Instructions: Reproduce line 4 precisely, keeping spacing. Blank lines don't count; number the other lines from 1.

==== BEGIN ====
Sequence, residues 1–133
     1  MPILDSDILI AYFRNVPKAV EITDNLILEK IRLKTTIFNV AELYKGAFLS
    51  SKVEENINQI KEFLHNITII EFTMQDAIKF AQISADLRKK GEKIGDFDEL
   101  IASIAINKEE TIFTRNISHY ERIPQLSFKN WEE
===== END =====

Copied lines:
   101  IASIAINKEE TIFTRNISHY ERIPQLSFKN WEE